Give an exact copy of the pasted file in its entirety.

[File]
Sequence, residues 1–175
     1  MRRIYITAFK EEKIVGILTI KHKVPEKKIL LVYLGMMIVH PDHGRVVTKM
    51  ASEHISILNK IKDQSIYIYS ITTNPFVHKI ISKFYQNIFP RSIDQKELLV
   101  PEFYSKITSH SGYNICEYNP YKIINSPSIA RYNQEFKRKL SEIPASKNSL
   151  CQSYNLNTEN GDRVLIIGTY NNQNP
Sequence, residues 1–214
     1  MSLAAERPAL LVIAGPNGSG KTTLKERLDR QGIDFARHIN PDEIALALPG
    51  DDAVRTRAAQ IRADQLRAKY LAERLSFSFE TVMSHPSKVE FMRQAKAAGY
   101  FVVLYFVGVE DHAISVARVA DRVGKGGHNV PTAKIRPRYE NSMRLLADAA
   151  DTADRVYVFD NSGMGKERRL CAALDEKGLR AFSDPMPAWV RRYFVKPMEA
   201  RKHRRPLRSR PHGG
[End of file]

Sequence, residues 1–175
     1  MRRIYITAFK EEKIVGILTI KHKVPEKKIL LVYLGMMIVH PDHGRVVTKM
    51  ASEHISILNK IKDQSIYIYS ITTNPFVHKI ISKFYQNIFP RSIDQKELLV
   101  PEFYSKITSH SGYNICEYNP YKIINSPSIA RYNQEFKRKL SEIPASKNSL
   151  CQSYNLNTEN GDRVLIIGTY NNQNP
Sequence, residues 1–214
     1  MSLAAERPAL LVIAGPNGSG KTTLKERLDR QGIDFARHIN PDEIALALPG
    51  DDAVRTRAAQ IRADQLRAKY LAERLSFSFE TVMSHPSKVE FMRQAKAAGY
   101  FVVLYFVGVE DHAISVARVA DRVGKGGHNV PTAKIRPRYE NSMRLLADAA
   151  DTADRVYVFD NSGMGKERRL CAALDEKGLR AFSDPMPAWV RRYFVKPMEA
   201  RKHRRPLRSR PHGG